4. Get connected to your NaNoWriMo community. Check the NaNoWriMo site for your region, find activities and a Municipal Liaison (ML) or other participants in your area. Look for “write-ins” or other events where you can connect, get support, and write. Write-ins can be fun and productive. There are also “word wars.” I haven’t done one of those, yet. I added the local write-ins to my calendar and will try to go to as many as possible this year. Our region also starts the writing on Nov. 1 with a midnight write at a local truck stop. Yes, a truck stop. Who else is open and serving hot coffee at midnight to writers? We also have a kick-off party this last week before the writing.
  5. Make sure your system is up to date. Did you run your updates on your Windows system this month? How about the upgrade to Mavericks on your Mac? How about all the application updates that were subsequently required? Get your system humming and updated. Make sure your anti-virus or anti-malware is current and working. If you don’t have those, you can get free protection tools for Windows (Security Essentials) or for the Mac (Sophos AV for Mac). These are as good as most commercial packages. Most write-ins are at public wi-fi locations. You need protection.
  6. Prepare your friends and family. You will be writing in November. Writing, writing, writing. Set the schedule, let them know this is writing time. Reduce the interruptions and time traps. If you can put it off to December, do so.
  7. Leave your internal editor in the closet, or under the bed, in the garage. Wherever you keep your internal editor, lock it away. Don’t worry about editing. Your goal is to generate a 50,000 word, plus, novel in 30 days. Editing will slow you down. You want to complete a first draft, first! Then worry about editing. Yeah, that last page you wrote is a lot of junk and makes no sense. It will when you go back in December or January to clean up your work. Then, you can make it shine! To be honest, that probably isn’t the only place that needs work. Your first reader will find all the sins, don’t worry.

The Office of Lights and Letters, hosts of NaNoWriMo, is a great supporter of writing, especially for kids. They need donations. If you can, donate.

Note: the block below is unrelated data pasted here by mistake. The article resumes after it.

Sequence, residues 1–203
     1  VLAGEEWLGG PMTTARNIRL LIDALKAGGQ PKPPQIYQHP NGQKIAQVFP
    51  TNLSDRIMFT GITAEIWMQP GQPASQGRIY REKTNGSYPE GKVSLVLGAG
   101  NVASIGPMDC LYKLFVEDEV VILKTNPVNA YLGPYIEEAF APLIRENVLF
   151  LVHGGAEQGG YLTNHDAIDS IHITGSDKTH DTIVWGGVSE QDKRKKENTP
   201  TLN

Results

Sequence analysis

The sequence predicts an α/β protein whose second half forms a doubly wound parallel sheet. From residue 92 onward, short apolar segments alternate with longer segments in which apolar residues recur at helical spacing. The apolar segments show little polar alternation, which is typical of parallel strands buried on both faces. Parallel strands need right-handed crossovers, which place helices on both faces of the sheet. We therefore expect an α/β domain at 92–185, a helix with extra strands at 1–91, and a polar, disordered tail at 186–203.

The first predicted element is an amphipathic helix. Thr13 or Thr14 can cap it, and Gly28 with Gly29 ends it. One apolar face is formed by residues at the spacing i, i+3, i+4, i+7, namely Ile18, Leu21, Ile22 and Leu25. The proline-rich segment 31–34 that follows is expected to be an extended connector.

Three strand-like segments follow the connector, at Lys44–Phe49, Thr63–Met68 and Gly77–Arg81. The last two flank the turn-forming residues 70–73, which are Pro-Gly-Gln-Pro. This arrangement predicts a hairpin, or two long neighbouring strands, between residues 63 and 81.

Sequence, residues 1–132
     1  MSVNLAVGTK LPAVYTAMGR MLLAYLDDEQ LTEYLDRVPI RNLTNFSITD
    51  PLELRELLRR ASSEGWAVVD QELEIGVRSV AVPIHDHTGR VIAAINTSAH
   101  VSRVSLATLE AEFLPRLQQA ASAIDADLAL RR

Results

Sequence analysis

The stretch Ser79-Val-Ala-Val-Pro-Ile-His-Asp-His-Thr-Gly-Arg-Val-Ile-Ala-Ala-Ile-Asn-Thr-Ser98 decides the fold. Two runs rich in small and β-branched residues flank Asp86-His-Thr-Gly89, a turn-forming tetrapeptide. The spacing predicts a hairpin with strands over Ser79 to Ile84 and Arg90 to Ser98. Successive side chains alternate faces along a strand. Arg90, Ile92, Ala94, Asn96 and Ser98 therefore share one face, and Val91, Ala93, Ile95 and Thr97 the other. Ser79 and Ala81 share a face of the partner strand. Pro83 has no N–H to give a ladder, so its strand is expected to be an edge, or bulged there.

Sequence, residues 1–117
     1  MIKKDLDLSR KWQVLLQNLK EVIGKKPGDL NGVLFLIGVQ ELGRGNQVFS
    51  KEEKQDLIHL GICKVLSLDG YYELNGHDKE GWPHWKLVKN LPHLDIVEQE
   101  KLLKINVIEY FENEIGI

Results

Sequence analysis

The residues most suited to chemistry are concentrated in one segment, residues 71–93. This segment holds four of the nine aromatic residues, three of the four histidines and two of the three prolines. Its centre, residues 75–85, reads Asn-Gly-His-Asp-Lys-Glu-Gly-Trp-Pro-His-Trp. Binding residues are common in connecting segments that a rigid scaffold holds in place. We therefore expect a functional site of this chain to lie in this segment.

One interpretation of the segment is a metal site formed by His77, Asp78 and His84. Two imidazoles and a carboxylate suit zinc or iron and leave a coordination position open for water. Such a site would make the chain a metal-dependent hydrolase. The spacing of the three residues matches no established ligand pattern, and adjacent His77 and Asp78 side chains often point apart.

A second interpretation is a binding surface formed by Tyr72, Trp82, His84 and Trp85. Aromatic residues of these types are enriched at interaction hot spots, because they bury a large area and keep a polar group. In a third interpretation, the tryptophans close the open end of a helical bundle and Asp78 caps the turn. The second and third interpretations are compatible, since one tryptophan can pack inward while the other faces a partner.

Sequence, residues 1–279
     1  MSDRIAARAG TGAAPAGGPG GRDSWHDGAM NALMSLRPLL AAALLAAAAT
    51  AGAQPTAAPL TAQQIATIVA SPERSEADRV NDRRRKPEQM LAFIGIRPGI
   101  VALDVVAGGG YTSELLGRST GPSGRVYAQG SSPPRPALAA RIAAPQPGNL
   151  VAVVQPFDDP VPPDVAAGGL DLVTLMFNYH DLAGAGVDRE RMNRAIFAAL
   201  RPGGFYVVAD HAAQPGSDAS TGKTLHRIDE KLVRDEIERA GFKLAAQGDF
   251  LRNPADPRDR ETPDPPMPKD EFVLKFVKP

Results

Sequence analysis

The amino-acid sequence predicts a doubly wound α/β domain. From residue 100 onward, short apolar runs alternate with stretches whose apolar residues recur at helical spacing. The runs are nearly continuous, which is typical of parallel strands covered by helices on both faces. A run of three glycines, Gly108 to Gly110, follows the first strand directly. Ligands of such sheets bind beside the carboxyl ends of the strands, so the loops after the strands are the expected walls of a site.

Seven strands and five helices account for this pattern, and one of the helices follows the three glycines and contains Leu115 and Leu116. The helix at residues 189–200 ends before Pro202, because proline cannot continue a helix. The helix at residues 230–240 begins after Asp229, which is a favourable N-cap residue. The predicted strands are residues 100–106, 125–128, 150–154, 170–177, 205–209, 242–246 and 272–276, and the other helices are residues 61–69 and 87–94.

Hope that helps. If this is your first time, welcome! Keep writing.

 

NaNoWriMo is coming

NaNoWriMo

I made some good progress on the current novel, but National Novel Writing Month (NaNoWriMo) is coming Nov. 1. There are some other ideas floating around in my hhttp://nanowrimo.orgead and there are some support meetings this month in the Spokane area to help with getting ready and planning. NaNoWriMo makes November an intense and productive writing month and I’m very interested in participating again.

So, I’m trying to decide if I want to start a new project within the confines of NaNoWriMo, or just be a cheerleader for others while I continue on my current project. If I start a new project, I’ll have to put the current project aside for the duration. That really shouldn’t be a problem.

Really.

I hope.

Thing is, I had so much fun writing that first project (Sudden Mission) in NaNoWriMo last year that I’d like to do it again. Can I repeat the magic? Saturday is a Character Development workshop. I think I’ll attend and see where things go from here.

Keep writing.

 

Life Happens

I’d like to find the perfect writer’s tool. Do you know what that would be? It would be something that would help get the things of life out of the way, taken care of, so I could spend the necessary hours at the workstation writing.

This wonderful tool would deal with the transportation of grandchildren to and from school, sports events, and back to their homes.